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Seth Hubbard is a wealthy man dying of lung cancer. He trusts no one. Before he hangs himself from a sycamore tree, Hubbard leaves a new, handwritten will. It is an act that drags his adult children, his black maid, and Jake into a conflict as riveting and dramatic as the murder trial that made Brigance one of Ford County’s most notorious citizens, just three years earlier. The second will raises many more questions than it answers. Why would Hubbard leave nearly all of his fortune to his maid? Had chemotherapy and painkillers affected his ability to think clearly? And what does it all have to do with a piece of land once known as Sycamore Row?

Reading List: Young Adult Fiction About Abuse


I can hardly wait for Nanowrimo to start! And be sure to check out my promos for translations that are on sale over Halloween/Day of the Dead.

It has been a while since I posted a reading list! Abuse is one of the topics that I write a lot about. Looking over my list and some other young adult novels, I think I am going to break it down into three separate lists.

  • Physical Abuse
  • Sexual Abuse
  • Neglect
  • Mental/Psychological Abuse

I will start today with physical abuse. There are lot of memoirs about physical abuse, but there are not a lot of popular young adult books that revolve primarily around physical abuse.

My books that include main characters who are (primarily) physically abused:


“You’re a good kid, Henry.”

Everyone knew that he was a good guy; geeky, responsible, hard-working.  Henry has had a lot to deal with in the past.  Now, as he should be focusing on his schooling and preparing himself for the future, he is hindered by abuse, the challenge of raising his baby brother while dealing with his mother’s deep depressions, and the return of a ghost from the past Henry has tried his best to forget.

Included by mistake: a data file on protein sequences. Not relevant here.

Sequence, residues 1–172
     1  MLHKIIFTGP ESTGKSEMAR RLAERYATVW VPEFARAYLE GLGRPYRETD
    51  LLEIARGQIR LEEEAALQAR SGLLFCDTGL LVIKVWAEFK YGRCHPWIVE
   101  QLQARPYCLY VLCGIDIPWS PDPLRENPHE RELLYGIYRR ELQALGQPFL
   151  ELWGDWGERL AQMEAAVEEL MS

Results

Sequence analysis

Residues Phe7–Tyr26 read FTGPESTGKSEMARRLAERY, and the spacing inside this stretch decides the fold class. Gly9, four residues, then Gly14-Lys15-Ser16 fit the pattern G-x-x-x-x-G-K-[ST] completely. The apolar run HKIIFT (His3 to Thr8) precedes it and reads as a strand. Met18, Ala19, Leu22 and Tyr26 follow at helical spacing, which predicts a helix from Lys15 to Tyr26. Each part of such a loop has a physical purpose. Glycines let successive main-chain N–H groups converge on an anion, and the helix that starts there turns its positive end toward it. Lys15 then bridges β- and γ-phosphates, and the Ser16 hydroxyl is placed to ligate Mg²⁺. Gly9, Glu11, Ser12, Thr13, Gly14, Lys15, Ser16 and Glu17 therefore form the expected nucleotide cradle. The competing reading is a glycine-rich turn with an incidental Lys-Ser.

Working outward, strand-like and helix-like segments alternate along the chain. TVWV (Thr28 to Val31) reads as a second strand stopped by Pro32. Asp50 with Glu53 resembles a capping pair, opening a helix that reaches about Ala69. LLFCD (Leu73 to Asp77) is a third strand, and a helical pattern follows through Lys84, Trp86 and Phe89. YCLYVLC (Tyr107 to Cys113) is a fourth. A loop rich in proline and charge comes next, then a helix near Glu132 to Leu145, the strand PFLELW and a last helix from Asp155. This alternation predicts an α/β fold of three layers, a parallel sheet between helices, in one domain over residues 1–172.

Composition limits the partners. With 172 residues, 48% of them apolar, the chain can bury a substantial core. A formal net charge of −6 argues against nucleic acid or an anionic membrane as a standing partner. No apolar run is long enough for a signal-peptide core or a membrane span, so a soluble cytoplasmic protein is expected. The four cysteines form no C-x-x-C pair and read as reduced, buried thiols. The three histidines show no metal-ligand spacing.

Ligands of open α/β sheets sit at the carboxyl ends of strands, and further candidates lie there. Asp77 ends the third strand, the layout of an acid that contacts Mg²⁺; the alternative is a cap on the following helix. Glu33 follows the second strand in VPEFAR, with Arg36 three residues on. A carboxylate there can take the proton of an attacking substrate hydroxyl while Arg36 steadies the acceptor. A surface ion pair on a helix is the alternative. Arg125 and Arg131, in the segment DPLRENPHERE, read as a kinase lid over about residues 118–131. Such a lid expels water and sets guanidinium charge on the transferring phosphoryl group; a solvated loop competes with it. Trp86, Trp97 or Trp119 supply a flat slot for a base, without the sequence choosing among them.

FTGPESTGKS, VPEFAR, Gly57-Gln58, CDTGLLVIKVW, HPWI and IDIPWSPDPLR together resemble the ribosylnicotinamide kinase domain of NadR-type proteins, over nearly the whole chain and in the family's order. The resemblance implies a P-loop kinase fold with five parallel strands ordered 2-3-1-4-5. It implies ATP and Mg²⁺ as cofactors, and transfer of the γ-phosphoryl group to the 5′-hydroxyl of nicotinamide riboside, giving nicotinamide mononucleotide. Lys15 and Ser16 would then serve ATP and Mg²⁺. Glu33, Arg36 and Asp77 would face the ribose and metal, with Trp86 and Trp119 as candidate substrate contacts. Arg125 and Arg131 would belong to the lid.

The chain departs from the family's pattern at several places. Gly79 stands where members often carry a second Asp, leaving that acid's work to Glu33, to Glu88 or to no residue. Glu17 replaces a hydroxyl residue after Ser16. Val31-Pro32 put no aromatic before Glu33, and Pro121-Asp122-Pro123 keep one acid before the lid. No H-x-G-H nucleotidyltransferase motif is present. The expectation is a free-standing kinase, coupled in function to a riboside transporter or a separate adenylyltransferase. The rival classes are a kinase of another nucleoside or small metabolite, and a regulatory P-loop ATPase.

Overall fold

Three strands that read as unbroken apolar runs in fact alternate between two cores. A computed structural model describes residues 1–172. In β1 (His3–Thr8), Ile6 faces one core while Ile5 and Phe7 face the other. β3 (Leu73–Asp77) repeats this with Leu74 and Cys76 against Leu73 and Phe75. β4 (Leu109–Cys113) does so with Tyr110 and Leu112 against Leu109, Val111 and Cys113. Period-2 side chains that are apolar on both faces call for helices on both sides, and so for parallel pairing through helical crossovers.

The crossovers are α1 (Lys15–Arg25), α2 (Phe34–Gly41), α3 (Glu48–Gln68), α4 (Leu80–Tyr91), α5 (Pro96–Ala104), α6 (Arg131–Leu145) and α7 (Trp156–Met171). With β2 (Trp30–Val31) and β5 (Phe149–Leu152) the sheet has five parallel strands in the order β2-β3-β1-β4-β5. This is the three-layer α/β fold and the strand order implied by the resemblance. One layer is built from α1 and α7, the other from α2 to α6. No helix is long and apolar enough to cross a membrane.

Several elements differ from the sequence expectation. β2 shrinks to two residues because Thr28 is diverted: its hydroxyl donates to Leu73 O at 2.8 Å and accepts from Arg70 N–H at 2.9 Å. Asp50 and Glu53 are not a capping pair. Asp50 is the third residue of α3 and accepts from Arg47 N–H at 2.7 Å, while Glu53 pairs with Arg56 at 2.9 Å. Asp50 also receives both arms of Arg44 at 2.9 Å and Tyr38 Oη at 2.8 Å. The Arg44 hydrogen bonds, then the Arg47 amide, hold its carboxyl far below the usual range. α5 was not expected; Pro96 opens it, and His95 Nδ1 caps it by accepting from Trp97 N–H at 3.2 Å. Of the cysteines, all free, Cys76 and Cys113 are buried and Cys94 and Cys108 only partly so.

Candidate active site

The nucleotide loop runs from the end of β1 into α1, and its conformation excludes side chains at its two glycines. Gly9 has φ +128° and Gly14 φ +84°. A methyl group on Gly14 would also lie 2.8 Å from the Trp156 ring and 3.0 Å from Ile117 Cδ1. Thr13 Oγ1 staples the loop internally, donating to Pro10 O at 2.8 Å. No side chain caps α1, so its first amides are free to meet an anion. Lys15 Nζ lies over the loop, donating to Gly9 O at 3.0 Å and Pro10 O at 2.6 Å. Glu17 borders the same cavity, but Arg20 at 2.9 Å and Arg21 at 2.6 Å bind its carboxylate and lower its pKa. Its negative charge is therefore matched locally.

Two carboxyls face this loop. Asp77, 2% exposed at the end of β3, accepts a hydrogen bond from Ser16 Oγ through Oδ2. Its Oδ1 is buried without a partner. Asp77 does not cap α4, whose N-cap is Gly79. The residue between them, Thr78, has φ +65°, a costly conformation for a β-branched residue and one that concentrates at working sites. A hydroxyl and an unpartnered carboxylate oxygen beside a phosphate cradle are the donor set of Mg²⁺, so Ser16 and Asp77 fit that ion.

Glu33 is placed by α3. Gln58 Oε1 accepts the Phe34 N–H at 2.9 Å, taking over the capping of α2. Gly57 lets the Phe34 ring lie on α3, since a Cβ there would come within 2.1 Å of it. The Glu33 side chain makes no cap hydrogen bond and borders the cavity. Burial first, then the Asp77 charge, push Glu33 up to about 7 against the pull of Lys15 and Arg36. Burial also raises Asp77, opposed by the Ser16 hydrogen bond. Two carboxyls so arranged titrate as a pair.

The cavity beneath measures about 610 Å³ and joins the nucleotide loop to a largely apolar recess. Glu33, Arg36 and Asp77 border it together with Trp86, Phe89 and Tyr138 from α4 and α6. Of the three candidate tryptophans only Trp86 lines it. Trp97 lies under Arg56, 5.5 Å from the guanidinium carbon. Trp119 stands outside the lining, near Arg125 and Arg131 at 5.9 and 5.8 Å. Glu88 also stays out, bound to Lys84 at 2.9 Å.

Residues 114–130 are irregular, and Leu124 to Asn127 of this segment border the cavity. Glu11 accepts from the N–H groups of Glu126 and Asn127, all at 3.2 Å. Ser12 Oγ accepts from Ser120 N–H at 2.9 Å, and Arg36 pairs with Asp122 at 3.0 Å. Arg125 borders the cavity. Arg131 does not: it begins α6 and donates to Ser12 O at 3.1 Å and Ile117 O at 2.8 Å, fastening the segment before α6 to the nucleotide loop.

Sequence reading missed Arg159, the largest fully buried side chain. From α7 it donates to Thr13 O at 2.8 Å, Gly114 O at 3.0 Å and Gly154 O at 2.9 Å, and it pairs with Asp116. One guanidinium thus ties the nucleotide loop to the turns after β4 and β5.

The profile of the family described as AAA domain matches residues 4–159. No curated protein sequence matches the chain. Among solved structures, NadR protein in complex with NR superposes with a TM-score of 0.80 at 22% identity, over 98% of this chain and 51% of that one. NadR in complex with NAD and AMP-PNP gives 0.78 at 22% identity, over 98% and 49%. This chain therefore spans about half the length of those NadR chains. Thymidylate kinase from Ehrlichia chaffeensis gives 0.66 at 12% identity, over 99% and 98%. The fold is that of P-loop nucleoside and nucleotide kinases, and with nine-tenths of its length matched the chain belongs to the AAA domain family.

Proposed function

But it seems that Henry can’t avoid the nastiness of life.  As hard as he tries, it’s one more disaster after another as his life spirals out of control.

Can Henry escape the darkness, or is he doomed to be consumed by it?

steven mock-up-1

Don’t Forget Steven

He never told what went on behind closed doors. But this time, he can’t remember.

Things never have been easy for Steven. He accepts that, and just makes the best of things. He might not have parents or a happy home. Or enough to eat most days. But at least he has a couple of loyal friends who stand by him and help out when they can. At least he has school, someplace he can go to escape the abuse.

But just when he thought things couldn’t get much worse, they did.

Steven is accused of murder. But that isn’t the worst part. The really bad part is not even knowing if he did it.

tattooed mockup-1Tattooed Teardrops

“I don’t plan on getting in any trouble.”

Tamara had thought that when she got out of juvie, things would be easier. But before long, it seems like her life is spiraling into chaos.

If she can’t prove to her probation officer that she is innocent of the allegations against her, she’s going back to prison, and Tamara just can’t let that happen.

lion-mock-1Lion Within

(Note this one is not a young adult book and is pretty graphic.)

Leo is a troubled young man, constantly on the brink of disaster. In the midst of his own emotional turmoil, Leo meets Elizabeth, single mom of a newborn, with a lot on her plate and a past that she won’t acknowledge.

Leo has always been driven to rescue others, and Elizabeth becomes the newest project to help him forget his own troubles.

Can Leo reach Elizabeth, and at the same time, come to terms with his own past? Or is he messing around with something beyond his ability to manage?


The other books that I have picked out are:

holesHoles, by Louis Sachar

My son loves the movie version of Holes.

“If you take a bad boy and make him dig a hole every day in the hot sun, it will turn him into a good boy.” Such is the reigning philosophy at Camp Green Lake, a juvenile detention facility where there is no lake, and there are no happy campers. In place of what used to be “the largest lake in Texas” is now a dry, flat, sunburned wasteland, pocked with countless identical holes dug by boys improving their character. Stanley Yelnats, of palindromic name and ill-fated pedigree, has landed at Camp Green Lake because it seemed a better option than jail. No matter that his conviction was all a case of mistaken identity, the Yelnats family has become accustomed to a long history of bad luck, thanks to their “no-good-dirty-rotten-pig-stealing-great-great-grandfather!”

thiefThe Book Thief, by Markus Zusak

I have featured The Book Thief once before on Teaser Tuesday.

It is 1939. Nazi Germany. The country is holding its breath. Death has never been busier, and will become busier still.